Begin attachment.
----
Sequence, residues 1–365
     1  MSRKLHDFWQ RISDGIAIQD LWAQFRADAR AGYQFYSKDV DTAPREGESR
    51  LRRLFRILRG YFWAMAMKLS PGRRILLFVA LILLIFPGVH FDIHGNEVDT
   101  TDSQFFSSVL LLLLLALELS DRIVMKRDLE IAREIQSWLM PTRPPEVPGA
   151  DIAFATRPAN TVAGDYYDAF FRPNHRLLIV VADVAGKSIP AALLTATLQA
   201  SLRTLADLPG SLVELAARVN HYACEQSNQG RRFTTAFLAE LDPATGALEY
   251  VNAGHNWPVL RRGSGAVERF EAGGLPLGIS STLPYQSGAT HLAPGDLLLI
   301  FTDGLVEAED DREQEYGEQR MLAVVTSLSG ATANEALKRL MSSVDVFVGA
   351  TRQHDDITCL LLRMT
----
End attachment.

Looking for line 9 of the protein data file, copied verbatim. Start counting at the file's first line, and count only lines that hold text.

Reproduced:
   351  TRQHDDITCL LLRMT